If you’ve got young ones in the clan and also want to add a four-legged fur baby to the family, it’s highly essential to think carefully about what breed you want your puppy to be.
Calm, loyal, mellow dogs without any aggressive tendencies that are great with kids would make the ideal choice—do Belgian Malinois belong in this category? Here’s everything you need to know about Belgian Malinois and their equation with children.
- A Quick 101 on the Belgian Malinois
- Understanding a Belgian Malinois’s Temperament
- How Are Belgian Malinois with Children?
- How Could a Malinois Harm Kids?
- Training Malinois to Behave around Children
- Training Your Kids to Behave around Malinois
- In Conclusion
The hitherto obscure Belgian Malinois gained attention with the 2015 dog movie “Max”, but only properly shot into the limelight when President Trump introduced Conan to the world—the brave military Belgian Malinois that helped bring down an ISIS leader.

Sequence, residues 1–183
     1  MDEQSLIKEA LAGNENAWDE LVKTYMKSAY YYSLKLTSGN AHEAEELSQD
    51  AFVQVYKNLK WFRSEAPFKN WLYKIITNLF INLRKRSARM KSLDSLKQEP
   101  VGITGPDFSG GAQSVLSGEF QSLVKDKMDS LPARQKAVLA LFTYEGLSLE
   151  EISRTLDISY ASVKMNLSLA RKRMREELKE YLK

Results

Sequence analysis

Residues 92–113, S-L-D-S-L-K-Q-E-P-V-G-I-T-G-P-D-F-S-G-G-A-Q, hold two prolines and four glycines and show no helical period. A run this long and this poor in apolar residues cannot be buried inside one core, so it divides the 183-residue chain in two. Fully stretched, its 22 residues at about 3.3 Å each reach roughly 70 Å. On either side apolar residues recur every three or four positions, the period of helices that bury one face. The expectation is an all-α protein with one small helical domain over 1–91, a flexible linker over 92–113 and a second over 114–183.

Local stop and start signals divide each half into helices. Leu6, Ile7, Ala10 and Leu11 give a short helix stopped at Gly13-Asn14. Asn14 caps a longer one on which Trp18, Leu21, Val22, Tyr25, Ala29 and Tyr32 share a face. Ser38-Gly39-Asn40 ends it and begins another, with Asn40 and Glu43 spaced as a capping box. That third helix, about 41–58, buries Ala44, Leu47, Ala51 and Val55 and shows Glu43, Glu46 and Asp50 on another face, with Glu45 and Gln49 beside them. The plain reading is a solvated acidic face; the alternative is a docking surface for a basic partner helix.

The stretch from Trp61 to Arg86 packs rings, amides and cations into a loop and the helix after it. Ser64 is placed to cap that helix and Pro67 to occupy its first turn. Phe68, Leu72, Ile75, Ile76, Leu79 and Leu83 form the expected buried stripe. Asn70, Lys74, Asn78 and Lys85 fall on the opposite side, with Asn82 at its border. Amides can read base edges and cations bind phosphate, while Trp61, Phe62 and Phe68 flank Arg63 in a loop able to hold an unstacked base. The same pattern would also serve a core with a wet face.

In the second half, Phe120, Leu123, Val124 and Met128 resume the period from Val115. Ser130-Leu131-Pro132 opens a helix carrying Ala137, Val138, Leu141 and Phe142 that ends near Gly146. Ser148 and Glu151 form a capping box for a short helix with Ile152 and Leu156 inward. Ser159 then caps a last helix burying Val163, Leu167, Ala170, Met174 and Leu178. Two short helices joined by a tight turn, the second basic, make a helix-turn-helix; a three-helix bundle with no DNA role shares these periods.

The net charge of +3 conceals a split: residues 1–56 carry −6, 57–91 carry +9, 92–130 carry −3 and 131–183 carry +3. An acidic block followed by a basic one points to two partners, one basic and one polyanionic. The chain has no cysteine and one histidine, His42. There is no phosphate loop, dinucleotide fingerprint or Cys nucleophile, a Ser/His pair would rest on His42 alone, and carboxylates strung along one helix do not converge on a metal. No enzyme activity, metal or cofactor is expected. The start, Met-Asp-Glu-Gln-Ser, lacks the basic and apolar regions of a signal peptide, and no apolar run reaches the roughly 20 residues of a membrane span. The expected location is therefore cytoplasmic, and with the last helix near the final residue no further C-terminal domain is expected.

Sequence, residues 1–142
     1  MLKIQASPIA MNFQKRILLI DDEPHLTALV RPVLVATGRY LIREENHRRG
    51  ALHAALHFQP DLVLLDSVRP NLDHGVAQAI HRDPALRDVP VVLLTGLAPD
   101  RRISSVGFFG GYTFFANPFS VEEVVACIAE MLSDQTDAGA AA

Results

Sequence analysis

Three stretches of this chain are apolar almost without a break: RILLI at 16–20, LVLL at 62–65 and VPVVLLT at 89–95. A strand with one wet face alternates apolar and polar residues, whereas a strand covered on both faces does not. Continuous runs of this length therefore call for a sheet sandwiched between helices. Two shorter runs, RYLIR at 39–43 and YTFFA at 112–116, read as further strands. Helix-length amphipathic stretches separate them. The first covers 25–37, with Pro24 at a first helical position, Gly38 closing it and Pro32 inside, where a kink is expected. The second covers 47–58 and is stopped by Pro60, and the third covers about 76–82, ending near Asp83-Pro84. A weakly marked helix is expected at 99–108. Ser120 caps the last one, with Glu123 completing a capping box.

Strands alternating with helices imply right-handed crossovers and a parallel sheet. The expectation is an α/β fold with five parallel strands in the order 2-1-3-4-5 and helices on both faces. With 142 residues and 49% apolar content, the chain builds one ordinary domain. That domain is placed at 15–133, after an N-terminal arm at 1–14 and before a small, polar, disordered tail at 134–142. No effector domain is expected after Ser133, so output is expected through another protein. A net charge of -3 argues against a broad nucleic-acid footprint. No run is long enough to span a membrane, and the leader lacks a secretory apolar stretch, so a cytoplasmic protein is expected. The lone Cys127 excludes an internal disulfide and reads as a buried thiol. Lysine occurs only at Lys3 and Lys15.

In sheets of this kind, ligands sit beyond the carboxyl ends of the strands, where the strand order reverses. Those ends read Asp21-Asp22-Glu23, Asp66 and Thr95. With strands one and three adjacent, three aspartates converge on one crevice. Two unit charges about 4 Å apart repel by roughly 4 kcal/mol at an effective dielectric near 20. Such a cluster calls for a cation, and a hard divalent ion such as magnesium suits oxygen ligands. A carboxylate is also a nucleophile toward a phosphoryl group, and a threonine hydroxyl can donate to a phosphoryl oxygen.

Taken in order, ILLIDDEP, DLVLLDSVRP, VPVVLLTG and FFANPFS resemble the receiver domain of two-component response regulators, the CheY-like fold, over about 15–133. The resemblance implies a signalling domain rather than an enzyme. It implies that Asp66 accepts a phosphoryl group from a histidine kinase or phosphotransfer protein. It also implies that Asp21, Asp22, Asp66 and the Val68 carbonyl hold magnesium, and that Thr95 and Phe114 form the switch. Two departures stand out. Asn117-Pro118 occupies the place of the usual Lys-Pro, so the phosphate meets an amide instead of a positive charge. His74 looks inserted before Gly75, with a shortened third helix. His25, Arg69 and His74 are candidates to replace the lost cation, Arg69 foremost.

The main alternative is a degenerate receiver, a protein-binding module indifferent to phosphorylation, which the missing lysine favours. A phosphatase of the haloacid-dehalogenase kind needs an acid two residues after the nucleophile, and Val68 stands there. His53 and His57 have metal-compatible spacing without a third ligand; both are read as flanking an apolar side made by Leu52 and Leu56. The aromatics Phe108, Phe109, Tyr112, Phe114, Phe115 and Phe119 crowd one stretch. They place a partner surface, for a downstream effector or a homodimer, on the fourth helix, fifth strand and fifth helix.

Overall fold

The Belgian Malinois belongs to the Belgian sheepdog family, bred in the late 19th century in—you guessed it—Belgium! This is one of the four breeds that make the sheepdog family, and while popularly used for herding, gained more popularity as a guard dog.
Belgian Malinois were the first police dogs in the Belgian force and their intelligent, hard-working nature resulted in their wide usage in the First World War in a variety of roles, from messengers to gun-cart handlers.
It was only in the early 1900s that Belgian Malinois made it to the shores of the United States, and only in 1959 that they were acknowledged as a separate breed by the American Kennel Club.
Today, Belgian Malinois are the go-to breed for a range of military and law-enforcement-related tasks, such as detecting drugs, being an important member of search and rescue operations, working in the military in various capacities, and being the standard “police dog”—Conan is a clear example of the abundant bravery these dogs possess.
It should be noted that many folks confuse Belgian Malinois with German Shepherds; however, the former is smaller and more aggressive.